New Idea for Excavator Quick Couplers

Nov. 30, 2011

A couple weeks ago, we encountered an interesting product and an interesting man behind the product. The product is the Gilmore TOOL LINK® coupler, and the man behind the product is Charles “Charlie” Gilmore.

A couple weeks ago, we encountered an interesting product and an interesting man behind the product. The product is the Gilmore TOOL LINK® coupler, and the man behind the product is Charles “Charlie” Gilmore.

Charlie Gilmore, an entrepreneur through and through, has devoted a number of years to developing and refining an innovative quick-coupler system for hydraulic excavators. Instead of mounting to the end of the stick as do conventional couplers, the male half of the Gilmore TOOL LINK® coupler mounts to the tip of the boom, and the female half mounts to either a boom-mounted work tool or to a stick with an attached work tool. The male half is pinned to the boom, and the female half either can be pinned or welded to the work tool or stick.

A competent operator can bring the two coupler halves together in about 30 seconds, says Gilmore. The male half has a "picker" end and a "grabber" end, either of which the operator can use to initially engage the female half, depending on the orientation of the work tool or stick. Once the two halves of the coupler come together, a latch on the end prevents their separation, and a positive locking system makes the connection secure by driving a wedge pin into both ends of the female half.

Each wedge pin is turned into position by a drive shaft that is hydraulically powered through a double-reduction, planetary gear set. A spring-applied/hydraulically released brake, similar to that used in an excavator’s track motors, ensures that the two wedge pins remain in place and can’t loosen at any time while the two halves are coupled together.

As the two halves come together, patented quick-connect/disconnect fittings ("Zero Slack Instantaneous Power Source QCs") engage to provide instant power to the work tool. "Power" can include not only hydraulic, but also electrical, pneumatic, vacuum and grease (for, say, automatically lubricating a large hammer), and up to 10 such connections are available through the coupler.

The operator can closely observe the entire picker connection, which at times can be difficult, says Gilmore, via an in-cab monitor that's linked to an infrared camera system—infrared to assist with nighttime tool switches. The camera eliminates the need for a spotter, says Gilmore.

With the TOOL LINK® coupler system, every boom-mounted work tool requires its own female coupler half, as does every stick that has a work tool pinned at its bucket end.

That requirement sounds expensive, says Gilmore, until considering that a contractor who regularly switches between a conventional stick and a large boom-mounted work tool might spend six to eight hours at the task, assuming no problems are encountered, and could incur costs as high $10,000.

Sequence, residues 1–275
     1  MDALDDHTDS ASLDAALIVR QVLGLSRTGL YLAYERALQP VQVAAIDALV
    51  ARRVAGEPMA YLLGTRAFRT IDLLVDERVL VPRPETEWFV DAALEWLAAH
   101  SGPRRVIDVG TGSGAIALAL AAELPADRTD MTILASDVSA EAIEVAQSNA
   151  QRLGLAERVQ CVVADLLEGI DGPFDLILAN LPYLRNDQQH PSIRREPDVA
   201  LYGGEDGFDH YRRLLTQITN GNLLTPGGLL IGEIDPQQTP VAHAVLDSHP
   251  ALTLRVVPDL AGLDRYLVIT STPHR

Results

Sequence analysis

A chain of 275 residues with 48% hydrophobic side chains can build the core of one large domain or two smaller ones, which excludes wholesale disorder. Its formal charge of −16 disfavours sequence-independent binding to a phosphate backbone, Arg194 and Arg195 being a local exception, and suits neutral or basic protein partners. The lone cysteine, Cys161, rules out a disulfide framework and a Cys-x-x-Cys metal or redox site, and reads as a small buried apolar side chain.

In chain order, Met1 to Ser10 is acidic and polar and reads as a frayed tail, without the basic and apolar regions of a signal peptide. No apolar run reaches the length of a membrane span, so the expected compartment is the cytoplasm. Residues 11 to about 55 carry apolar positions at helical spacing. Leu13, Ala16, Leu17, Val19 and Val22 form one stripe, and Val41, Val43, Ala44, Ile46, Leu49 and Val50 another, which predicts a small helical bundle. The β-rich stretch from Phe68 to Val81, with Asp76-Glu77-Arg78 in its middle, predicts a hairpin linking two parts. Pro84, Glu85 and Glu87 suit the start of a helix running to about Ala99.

Included in the cost of a typical switch can be numerous mechanics, operators and laborers; a well-equipped mechanics truck with a sizeable crane; an aerial lift platform (with all required operator-safety hardware); a small wheel loader or skid-steer loader to assist with stubborn pivot pins; and an assortment of tools.

All the while, says Gilmore, people making the switch are placed in harm's way, exposed to potential dangers that include working overhead, slipping on hydraulic oil that's typically sloshing everywhere, as well as high-pressure-hydraulic-injection injuries. In addition, he says, OSHA requires that the machine be properly locked-out/tagged-out as it sits, unproductive, for the better part of a day.

The tool could be left on the boom, says Gilmore, but then the machine becomes a single-purpose unit with lowered utilization; the TOOL LINK® coupler system, he says, promotes machine utilization. For instance, a demolition contractor using the coupler on a large excavator could easily switch among various work tools several times per day—perhaps a hammer, shear, magnet, multi-processor and crusher.

In addition, says Gilmore, the coupler promotes stick/work-tool compatibility, in that it assures that the two components are optimally matched for efficient operation, reduced stress and, ultimately, longer life for both. And for any contractor, the ability to quickly drop the stick is an effective means for reducing the excavator's transport height, which can simply the logistics of moving machines.

TOOL LINK® couplers eventually will be available in seven sizes to fit most major brands of excavators with operating weights from 20 to 99 tons. At present, the system is available for the seven largest models in Caterpillar’s excavator range. 

And if you're interested, Gilmore Inc. also has developed a trench box that hydraulically expands in width after it's positioned in the trench—from 7 to 21 feet. The patent-pending MERT™ (Mechanized-Expandable-Retractable-Trench Box) is a boom-mounted tool using the TOOL LINK® coupler system. MERT™ trench boxes are available in lengths from 30 to approaching 50 feet.

Charlie Gilmore admits that most people are skeptics when they first hear about the TOOL LINK® coupler system. But talk to Charlie for an hour and take in his presentation, which shows the coupler in action, and you might come away a believer.

"The system isn't for everyone," says Charlie, "but it makes a lot of sense for those who could benefit from its capabilities."